Join Date: Nov 2009
Location: South Carolina
Mentioned: 4 Post(s)
Quoted: 143 Post(s)
Thanked 7,101 Times in 3,699 Posts
How much exercise is Ziggy getting - mental and physical? Honestly? (I am truly not trying to give you a hard time, I have walked in similar shoes and want to help) He sounds like the type who one or two 20 minute walks every day will not be quite enough.
Do you have time to do 2 or three 5 to 10 minute training sessions most days?
Is he an only dog? If so, I would work very hard, use trainer or friends and neighbors to network, to find a nice young dog about the same size to arrange playdates with a couple times a week. I am not the most experienced person on this forum, but I feel very strongly that in the average household (this includes mine) it can be very difficult to get a young, growing working breed the proper amount of exercise. I can take my collie on a brisk 3 mile walk in about 35 minutes or so. I am ready to hit the couch (we have hills in my area) and we will run into my dad walking his lab on the way home. Mack is seriously like a kite flying at the end of a string he is so excited - I haven't even scratched the surface of his energy level. He is just getting warmed up. I really think they need a good 30 minutes of hard play almost every day to get their heart rates up. The easiest way to get this is rough housing with another energetic young dog. As mentioned by someone, does he have something special to chew every day? That is a great way to get out some excess energy. I save a bully stick for most evenings when I'm trying to watch t.v.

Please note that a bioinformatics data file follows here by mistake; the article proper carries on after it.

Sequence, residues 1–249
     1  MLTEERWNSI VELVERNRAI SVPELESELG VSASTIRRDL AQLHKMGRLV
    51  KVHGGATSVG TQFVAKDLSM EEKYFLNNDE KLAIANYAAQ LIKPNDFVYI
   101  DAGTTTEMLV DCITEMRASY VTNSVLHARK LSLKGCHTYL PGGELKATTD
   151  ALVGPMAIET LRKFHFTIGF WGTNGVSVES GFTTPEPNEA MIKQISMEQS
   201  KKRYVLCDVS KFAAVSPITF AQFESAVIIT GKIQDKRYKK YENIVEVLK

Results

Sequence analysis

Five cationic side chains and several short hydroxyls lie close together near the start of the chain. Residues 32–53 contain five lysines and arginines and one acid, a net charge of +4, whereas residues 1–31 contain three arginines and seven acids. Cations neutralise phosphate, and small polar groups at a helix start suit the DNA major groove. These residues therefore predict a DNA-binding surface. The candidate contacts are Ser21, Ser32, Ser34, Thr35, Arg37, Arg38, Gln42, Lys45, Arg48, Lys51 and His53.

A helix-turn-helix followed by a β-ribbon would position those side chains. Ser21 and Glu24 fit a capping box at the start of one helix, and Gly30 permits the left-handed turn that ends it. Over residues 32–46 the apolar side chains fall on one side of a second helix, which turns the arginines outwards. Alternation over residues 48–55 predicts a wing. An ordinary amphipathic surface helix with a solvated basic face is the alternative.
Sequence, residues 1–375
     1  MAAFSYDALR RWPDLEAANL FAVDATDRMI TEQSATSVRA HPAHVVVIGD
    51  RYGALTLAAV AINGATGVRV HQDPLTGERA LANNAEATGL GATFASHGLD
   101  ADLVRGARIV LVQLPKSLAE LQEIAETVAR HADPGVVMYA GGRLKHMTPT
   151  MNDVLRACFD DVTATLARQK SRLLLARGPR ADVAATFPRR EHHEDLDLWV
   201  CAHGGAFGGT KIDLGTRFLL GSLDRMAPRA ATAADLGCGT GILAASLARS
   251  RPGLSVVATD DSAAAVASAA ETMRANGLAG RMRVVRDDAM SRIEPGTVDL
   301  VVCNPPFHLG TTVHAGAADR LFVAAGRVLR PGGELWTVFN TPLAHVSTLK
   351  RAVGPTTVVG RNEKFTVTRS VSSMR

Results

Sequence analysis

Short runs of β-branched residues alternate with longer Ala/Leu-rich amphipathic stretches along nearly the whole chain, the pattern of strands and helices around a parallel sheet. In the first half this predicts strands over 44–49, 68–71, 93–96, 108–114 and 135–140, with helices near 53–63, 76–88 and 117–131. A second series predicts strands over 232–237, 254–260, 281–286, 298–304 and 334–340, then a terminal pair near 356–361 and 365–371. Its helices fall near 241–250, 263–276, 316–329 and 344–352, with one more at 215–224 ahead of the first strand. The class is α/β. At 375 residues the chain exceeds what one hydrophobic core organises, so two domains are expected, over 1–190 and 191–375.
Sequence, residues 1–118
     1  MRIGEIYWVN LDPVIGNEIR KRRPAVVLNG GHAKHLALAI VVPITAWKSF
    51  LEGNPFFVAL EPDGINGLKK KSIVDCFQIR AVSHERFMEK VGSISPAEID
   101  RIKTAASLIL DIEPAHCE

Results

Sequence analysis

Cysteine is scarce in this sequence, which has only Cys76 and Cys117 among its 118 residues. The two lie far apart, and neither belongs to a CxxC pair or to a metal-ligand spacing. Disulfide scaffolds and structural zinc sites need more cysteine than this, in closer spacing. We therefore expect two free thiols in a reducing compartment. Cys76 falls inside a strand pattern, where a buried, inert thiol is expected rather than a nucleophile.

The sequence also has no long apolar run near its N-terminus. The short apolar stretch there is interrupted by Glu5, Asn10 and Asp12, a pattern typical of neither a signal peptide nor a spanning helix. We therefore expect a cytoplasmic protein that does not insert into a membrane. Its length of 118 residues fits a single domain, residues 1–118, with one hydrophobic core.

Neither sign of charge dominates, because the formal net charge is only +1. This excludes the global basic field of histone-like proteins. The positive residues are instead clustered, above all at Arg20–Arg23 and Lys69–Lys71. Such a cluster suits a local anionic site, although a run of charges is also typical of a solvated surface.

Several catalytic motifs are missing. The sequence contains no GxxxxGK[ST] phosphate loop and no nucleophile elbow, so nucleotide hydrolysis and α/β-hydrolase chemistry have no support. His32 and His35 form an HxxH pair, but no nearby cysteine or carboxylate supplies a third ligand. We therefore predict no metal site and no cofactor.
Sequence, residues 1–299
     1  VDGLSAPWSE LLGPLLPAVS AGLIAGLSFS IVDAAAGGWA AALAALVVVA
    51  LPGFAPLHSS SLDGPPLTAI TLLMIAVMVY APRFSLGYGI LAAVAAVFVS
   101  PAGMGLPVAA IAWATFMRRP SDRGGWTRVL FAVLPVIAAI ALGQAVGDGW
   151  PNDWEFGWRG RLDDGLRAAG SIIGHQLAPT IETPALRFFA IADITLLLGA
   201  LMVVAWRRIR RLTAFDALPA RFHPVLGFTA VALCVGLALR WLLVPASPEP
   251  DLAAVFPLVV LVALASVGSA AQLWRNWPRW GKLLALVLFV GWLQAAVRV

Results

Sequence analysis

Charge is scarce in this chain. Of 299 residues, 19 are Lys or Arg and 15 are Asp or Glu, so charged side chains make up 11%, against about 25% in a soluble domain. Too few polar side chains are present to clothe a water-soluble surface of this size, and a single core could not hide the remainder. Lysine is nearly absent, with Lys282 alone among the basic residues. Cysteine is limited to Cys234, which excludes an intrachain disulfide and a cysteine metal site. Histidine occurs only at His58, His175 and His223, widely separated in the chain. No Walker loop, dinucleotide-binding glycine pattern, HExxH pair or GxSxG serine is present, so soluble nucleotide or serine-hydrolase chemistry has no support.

I would use baby gates (as mentioned above) and have him drag a short leash around the house (cut a cheap one off to about 2.5 feet and use it to control him when he starts an episode.
Also, try using the search feature at the top of the page and look up the terms "teaching self control" , "calming signals' "calming techniques" "calming command" and "teenage Puppy" for some ideas and to know you're not alone. Does he like to retrieve? Have you taught him to play games in the house like "find the bumper" or "find the person" where you hide something he loves and then he has to go find it? This is a terrific diversion if you will work with him on it a bit you may be surprised at how much he enjoys it.
Does your trainer have a lot of experience with labs or goldens? I think retrievers are a special case and even if you like your trainer it might be good to find a new set of eyes, different opinion to help with this issue. He clearly is a different case than your previous dogs, just like kids are different. It sounds like he is going to require different management skills and rules and it's going to be more work for a while. I'm sorry, I know it's frustrating.